theologians as al-Taft
az
an25 and al-Jurj
an26 taking the position that scripture,
that is, the Qur
an and h.adth, must be proven to be true by rational arguments
before it can be accepted as the basis of the religion. In other words, they believed
that it was not sufficient for an educated Muslim simply to believe in his religion
and in the truth of its revelation on the basis of faith. On the contrary, they believed that a Muslim must be convinced on the basis of rational arguments that his
religion was true.
Now in order to prove the truth of scripture by completely rational means, the
later Asharite theologians developed a series of rational proofs which culminated in
a proof for the truthfulness of the prophet; for if the Prophet could be demonstrated
to be telling the truth, then all statements contained in revelation, both in the
Qur
an and in h.adth, would be true statements and one could believe in them on
the basis of reason rather than through mere faith.
This series of rational proofs developed by the Asharite theologians included
proofs for the following doctrines or propositions: 1) the universe is originated; 2)
the universe has an originator or creator; 3) the creator of the universe is knowing,
powerful and willing; 4) prophecy is possible; 5) miracles are possible; 6) miracles
indicate the truthfulness of one who claims to be a prophet; 7) Muh.ammad claimed
to be a prophet and performed miracles.27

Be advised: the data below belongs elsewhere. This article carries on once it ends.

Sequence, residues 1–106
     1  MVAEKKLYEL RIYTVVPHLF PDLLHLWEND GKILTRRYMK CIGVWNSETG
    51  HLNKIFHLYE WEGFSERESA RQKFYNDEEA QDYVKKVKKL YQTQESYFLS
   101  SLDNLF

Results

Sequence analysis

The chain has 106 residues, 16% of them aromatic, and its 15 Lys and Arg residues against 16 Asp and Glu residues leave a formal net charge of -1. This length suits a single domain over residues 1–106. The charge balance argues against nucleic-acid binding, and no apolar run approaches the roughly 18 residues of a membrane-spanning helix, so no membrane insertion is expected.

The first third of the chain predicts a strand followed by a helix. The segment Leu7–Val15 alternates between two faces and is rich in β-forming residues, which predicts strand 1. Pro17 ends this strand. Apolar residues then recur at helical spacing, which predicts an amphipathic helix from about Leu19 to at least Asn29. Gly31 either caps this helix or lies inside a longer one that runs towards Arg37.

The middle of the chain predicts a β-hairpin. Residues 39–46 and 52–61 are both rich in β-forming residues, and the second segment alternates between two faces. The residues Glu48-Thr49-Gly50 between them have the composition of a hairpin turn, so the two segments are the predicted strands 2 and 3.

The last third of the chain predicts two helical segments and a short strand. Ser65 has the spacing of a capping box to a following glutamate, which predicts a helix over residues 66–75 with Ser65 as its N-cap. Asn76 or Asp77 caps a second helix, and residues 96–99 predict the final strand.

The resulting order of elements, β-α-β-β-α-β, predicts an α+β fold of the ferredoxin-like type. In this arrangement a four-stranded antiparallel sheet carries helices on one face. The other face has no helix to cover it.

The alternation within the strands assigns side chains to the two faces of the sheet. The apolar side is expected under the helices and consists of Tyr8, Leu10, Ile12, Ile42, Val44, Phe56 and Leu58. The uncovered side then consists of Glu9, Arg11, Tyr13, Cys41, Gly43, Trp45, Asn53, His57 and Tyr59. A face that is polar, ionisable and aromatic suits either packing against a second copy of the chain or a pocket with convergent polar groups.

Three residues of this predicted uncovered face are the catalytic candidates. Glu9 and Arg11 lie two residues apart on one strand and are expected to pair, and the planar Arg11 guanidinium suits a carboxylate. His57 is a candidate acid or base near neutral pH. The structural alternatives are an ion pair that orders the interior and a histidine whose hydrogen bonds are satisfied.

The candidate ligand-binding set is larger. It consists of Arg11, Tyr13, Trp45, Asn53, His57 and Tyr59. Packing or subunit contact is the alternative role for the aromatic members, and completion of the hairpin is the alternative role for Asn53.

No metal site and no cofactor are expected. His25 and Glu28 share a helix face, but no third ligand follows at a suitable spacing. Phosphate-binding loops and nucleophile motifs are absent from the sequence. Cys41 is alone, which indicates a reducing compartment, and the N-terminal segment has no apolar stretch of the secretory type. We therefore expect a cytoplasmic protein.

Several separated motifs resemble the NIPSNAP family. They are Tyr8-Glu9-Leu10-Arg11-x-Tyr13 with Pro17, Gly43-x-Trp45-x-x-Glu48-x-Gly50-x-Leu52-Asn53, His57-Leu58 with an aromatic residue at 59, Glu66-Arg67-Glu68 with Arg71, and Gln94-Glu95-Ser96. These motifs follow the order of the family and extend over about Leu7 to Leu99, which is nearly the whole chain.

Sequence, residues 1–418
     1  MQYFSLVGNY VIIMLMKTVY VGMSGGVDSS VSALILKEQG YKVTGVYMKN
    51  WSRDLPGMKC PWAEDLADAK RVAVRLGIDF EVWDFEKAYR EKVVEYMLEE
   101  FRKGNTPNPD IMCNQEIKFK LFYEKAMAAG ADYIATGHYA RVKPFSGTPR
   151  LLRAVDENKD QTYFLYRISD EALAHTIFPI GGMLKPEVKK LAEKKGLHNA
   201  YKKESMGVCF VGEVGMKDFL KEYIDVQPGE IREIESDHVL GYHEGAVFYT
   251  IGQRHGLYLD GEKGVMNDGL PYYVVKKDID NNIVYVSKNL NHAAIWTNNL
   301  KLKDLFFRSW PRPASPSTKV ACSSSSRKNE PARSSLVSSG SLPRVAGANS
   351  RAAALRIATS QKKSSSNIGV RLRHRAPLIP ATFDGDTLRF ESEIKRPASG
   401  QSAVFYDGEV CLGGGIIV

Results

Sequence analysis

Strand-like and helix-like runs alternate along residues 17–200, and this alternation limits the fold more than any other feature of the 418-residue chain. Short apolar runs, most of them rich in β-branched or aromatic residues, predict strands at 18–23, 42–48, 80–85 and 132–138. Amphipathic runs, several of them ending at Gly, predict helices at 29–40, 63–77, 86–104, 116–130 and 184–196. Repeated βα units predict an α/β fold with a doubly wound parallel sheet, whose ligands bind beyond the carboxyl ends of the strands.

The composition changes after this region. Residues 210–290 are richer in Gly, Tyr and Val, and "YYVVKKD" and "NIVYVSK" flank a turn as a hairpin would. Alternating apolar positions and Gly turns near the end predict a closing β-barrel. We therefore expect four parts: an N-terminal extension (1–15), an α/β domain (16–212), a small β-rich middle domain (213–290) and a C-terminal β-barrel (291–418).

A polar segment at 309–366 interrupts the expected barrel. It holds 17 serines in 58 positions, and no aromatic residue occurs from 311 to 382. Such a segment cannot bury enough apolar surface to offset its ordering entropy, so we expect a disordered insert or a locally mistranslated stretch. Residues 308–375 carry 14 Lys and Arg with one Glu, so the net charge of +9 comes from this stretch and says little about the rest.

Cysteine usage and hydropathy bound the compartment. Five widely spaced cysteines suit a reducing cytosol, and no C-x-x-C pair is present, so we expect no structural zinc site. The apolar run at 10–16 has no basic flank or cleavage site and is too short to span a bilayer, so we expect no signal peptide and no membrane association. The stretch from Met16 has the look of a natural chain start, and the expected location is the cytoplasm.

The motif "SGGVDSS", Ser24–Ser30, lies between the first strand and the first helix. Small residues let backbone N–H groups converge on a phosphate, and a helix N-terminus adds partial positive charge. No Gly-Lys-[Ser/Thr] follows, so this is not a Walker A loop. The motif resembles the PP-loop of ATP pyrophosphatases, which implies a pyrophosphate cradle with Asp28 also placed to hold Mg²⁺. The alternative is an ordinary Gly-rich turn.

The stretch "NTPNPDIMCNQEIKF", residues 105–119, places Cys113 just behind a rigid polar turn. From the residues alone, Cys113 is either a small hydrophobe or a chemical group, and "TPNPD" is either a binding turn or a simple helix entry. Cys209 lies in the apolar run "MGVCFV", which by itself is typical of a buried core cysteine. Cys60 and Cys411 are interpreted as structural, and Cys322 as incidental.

According to the theologians themselves, each of these proofs had to be demonstrated by what they called a rational proof or dall aql. They defined a rational proof as a proof based on premisses known intuitively or necessarily to be
true through reason or sense perception, and which was consequently said to result in certain knowledge. Six varieties of necessary premisses upon which rational
proofs could be based were commonly accepted by the theologians. These were:
1) awwaly
at, first principles or axioms, such as the statement that the whole is
greater than any of its parts; 2) qad.
ay
a qiy
as
atuh
a maah
a , which are propositions
containing their own syllogisms, such as the statement that four is an even number;
3) mush
ahad
at, or sense perceptions, such as the statement that this fire burns;
24

These were the theologians who were active from about the 6th/12th century
onwards and had come under the influence of the Islamic philosophers. Al-Ghaz
al,
who died in 505/1111, was apparently the first theologian to study the works of
the philosophers and especially the works of Ibn Sn
a, and so might be considered
both the last of the early theologians and the first of the later theologians. See Ibn
al,
Khald